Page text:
(WBIR-Downtown Knoxville) A man who grew up in Knoxville and graduated from East High School has lived in Atlanta for the past 50 years.
But Knoxville is important to him - and it's the setting of his new book: "A Fortress and a Legacy."
The man depicted on the left side of an old family picture is Ross "Bud" Perrin. The little guy saluting him on the right is his nephew, Ross Greene, who 70 years later has published a book.
Ross Greene grew up hearing the story. Bud Perrin and Thelma McGee graduated from Knoxville High School in the 1930s. Later, they married and he went off to fight in World War II. He was part of a B-17 Bomber crew. Bud was in Europe. Thelma was in Tennessee.
"As I look here from where we are I see the scenes that took place in this book. The S&W, KUB, Tennessee Theatre, Old George's which now is the KUB office and Miller's was there. All these places are in this book and form a thread that goes through the entirety of this," he said. "I tried to create a tapestry blending the love of these two people with what happened in the war with a historical background also and then the backdrop of Knoxville. Knoxville is a thread that runs throughout this book, 'A Fortress and a Legacy.'"
A telegram arrived at Thelma's home on Chicago Avenue in Knoxville. Bud Perrin's B-17 had crashed. Missing in action. Another telegram told her he died Dec. 11, 1944. About a month later their daughter Rosalind was born.
"My cousin is Rosalind Perrin Davis, she lives in Florida," he said.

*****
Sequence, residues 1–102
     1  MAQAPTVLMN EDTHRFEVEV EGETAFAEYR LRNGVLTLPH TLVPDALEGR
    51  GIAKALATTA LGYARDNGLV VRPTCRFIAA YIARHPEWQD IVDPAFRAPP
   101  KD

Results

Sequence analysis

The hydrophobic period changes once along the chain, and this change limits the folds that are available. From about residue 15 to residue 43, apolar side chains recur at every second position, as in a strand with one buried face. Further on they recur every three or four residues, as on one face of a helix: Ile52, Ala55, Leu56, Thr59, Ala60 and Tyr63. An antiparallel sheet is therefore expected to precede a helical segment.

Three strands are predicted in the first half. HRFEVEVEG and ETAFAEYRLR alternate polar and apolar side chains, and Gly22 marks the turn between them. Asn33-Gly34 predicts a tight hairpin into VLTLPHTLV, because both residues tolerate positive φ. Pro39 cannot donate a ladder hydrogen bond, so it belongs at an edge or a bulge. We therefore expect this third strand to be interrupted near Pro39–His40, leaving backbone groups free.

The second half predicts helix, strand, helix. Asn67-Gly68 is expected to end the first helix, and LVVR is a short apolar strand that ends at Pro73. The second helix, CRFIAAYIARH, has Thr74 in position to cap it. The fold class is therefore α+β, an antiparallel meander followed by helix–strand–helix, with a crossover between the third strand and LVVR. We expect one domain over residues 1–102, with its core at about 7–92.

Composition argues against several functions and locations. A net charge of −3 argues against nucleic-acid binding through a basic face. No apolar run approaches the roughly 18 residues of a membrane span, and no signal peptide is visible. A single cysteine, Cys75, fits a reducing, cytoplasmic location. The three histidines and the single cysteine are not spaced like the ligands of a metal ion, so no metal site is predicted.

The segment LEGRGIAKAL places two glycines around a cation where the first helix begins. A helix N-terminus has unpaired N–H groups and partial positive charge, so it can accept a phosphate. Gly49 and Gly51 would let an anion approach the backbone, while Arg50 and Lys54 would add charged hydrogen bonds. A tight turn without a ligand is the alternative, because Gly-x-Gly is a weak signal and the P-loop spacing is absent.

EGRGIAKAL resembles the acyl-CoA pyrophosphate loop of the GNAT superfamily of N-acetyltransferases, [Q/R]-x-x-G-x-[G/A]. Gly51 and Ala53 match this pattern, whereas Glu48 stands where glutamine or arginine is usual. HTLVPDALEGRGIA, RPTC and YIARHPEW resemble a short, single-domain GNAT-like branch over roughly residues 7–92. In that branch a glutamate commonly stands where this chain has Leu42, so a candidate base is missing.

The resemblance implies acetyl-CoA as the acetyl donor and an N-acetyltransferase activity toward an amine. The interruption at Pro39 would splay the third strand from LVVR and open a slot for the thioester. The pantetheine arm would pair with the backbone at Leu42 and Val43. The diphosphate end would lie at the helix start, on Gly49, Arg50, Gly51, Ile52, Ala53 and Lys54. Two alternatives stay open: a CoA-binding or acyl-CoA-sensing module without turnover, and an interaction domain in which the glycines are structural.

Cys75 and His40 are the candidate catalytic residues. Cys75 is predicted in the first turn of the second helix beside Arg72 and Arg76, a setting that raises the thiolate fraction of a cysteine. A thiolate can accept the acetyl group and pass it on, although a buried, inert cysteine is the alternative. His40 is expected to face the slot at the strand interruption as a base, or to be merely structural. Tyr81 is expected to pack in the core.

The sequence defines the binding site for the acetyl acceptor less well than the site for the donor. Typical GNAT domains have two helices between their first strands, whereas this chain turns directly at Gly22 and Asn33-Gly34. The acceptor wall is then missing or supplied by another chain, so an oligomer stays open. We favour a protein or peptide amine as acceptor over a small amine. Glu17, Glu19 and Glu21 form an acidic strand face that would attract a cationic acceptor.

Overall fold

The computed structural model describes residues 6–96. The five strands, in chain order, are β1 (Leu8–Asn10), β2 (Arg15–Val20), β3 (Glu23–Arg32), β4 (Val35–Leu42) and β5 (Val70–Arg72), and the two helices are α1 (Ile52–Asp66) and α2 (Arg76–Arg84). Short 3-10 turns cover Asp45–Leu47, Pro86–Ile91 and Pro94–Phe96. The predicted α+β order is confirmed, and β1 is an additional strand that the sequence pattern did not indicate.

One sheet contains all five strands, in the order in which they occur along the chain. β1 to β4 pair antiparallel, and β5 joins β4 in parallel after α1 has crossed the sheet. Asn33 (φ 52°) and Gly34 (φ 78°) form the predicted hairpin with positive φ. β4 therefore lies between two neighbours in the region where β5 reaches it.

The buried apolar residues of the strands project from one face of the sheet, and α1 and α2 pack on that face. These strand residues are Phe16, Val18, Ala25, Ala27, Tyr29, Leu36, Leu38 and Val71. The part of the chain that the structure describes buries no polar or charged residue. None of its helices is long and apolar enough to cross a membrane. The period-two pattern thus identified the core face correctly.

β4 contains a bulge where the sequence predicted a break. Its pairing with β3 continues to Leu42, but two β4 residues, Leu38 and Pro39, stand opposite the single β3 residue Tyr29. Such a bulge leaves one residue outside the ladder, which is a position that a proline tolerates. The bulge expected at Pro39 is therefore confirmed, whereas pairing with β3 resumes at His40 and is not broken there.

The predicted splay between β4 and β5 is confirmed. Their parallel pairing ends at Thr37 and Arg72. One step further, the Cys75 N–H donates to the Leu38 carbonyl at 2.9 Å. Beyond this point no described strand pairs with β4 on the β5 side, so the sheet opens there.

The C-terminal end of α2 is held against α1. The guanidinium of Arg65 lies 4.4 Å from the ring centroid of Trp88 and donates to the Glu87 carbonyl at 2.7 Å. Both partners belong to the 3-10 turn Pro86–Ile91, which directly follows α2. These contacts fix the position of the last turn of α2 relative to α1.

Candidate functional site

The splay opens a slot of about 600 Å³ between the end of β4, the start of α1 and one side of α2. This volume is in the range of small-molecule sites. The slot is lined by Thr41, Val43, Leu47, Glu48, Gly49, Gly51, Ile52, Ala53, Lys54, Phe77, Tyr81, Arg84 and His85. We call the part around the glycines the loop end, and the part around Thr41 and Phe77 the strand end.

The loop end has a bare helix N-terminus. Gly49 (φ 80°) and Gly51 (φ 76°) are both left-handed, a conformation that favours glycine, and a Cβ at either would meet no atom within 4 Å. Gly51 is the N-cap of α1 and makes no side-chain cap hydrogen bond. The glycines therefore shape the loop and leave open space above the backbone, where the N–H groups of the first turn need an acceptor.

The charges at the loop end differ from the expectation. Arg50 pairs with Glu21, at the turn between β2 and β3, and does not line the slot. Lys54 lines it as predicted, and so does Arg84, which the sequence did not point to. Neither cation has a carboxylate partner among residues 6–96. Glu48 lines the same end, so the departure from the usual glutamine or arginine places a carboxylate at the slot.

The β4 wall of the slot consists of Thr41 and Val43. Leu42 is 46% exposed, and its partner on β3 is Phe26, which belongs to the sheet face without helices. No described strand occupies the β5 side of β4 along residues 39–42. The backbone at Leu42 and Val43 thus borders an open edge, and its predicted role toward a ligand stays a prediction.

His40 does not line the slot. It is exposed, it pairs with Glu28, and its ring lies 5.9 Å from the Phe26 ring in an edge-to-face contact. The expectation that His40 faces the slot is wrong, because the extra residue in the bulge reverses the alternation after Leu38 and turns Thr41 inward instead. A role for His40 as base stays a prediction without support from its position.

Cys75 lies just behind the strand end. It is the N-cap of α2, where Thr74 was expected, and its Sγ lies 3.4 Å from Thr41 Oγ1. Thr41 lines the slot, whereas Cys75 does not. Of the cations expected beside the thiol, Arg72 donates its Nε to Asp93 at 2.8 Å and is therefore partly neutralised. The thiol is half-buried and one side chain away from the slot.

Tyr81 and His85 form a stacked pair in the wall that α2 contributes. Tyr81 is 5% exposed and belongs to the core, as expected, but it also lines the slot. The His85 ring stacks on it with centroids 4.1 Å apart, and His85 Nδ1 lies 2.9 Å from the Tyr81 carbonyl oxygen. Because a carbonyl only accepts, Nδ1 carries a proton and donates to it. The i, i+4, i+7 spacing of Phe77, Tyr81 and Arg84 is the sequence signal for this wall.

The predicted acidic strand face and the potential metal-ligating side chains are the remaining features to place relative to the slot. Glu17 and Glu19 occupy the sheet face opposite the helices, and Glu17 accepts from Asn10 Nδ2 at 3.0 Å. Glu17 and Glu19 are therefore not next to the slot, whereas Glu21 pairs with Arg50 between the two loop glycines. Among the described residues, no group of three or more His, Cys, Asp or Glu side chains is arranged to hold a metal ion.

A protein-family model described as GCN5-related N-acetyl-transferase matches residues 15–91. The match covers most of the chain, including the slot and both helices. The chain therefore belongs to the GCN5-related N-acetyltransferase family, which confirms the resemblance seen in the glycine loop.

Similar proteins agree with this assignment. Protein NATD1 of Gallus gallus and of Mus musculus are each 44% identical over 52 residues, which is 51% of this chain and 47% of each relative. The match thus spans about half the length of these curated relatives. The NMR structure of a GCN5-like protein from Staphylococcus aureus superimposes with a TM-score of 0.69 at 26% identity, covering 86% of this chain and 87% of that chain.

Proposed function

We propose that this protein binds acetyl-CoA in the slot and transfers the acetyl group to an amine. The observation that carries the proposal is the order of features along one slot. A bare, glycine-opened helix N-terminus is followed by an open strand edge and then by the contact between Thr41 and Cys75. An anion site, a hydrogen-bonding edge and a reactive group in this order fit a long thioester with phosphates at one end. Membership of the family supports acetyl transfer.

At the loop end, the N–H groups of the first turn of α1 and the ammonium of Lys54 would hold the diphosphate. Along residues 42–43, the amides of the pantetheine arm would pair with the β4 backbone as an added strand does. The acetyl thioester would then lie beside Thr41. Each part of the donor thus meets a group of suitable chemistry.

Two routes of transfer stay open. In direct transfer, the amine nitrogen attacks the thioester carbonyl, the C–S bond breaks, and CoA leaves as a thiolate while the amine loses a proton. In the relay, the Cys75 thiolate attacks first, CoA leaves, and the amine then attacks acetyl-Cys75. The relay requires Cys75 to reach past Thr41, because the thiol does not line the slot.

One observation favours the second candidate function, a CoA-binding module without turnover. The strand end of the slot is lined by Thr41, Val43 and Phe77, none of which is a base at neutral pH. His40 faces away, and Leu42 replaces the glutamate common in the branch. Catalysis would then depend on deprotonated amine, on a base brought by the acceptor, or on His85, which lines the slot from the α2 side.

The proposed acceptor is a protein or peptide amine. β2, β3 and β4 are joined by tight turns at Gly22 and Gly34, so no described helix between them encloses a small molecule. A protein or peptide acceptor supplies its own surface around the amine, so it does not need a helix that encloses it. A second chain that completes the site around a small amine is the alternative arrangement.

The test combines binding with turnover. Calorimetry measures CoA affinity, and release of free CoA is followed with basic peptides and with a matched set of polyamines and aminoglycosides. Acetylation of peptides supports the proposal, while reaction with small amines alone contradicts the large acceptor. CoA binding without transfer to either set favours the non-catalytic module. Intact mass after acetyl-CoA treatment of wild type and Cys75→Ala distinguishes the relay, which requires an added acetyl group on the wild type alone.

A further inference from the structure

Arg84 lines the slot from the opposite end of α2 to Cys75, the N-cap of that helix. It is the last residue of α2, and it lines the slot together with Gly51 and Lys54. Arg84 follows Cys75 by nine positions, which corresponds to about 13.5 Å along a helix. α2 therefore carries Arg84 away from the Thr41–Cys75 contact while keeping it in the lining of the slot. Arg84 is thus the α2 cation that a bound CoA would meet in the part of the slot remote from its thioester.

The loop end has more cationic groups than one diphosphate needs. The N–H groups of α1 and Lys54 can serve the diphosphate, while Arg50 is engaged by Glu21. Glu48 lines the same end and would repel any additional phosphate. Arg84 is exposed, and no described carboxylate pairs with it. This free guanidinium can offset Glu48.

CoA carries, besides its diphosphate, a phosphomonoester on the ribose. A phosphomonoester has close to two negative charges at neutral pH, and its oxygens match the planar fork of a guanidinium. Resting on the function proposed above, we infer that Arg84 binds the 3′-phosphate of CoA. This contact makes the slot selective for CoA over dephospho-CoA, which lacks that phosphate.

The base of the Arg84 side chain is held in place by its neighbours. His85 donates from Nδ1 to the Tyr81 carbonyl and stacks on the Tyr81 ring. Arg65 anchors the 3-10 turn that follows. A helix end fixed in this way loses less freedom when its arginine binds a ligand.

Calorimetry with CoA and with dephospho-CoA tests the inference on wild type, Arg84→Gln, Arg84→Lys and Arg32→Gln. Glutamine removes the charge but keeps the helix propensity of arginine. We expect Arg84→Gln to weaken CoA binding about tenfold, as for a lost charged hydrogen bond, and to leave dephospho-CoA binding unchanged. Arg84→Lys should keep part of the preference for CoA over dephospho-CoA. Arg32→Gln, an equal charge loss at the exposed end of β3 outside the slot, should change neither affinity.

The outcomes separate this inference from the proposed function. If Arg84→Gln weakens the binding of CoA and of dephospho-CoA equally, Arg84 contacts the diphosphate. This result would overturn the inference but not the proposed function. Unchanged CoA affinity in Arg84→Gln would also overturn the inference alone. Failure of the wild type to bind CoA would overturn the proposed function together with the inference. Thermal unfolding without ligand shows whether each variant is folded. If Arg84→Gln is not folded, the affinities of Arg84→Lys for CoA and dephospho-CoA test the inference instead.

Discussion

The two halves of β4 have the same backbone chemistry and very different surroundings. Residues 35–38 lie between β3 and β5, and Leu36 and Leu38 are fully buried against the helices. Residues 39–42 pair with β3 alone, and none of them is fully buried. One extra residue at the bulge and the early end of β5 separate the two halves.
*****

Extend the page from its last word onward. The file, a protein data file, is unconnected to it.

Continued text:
In 2008, Rosalind discovered letters, a lot of letters. Even Bud's last letter sent home.
"When she called me and told me she had found these thousand letters that her mother had rat-packed away in an attic, it was amazing. So I took those letters and it brought back memories. She sat and cried when she read them. I cried some when I read them because memories came flooding back to both of us," he said.
Those letters convinced Ross to write what he calls a fact-based novel drawn from those letters and a lot of research.
The letters capture their love story. War diaries and government records fill in the history. Ross Greene's search for details and accuracy took six years and even took him overseas.
"Late in the story I was able to find where his plane crashed in Mannheim, Germany. I also found six people who saw various portions of that crash on Dec. 11, 1944," he said.
That crash claimed the life of his uncle. The book gives Bud Perrin's story to the daughter he never met.
"I really write this story for her. I wanted her to have the father that she never knew. And I've succeeded," he said.
His aunt Thelma who is featured in his book was Miss Knoxville in 1940 and competed in the Miss America pageant. She worked at Channel Ten for decades.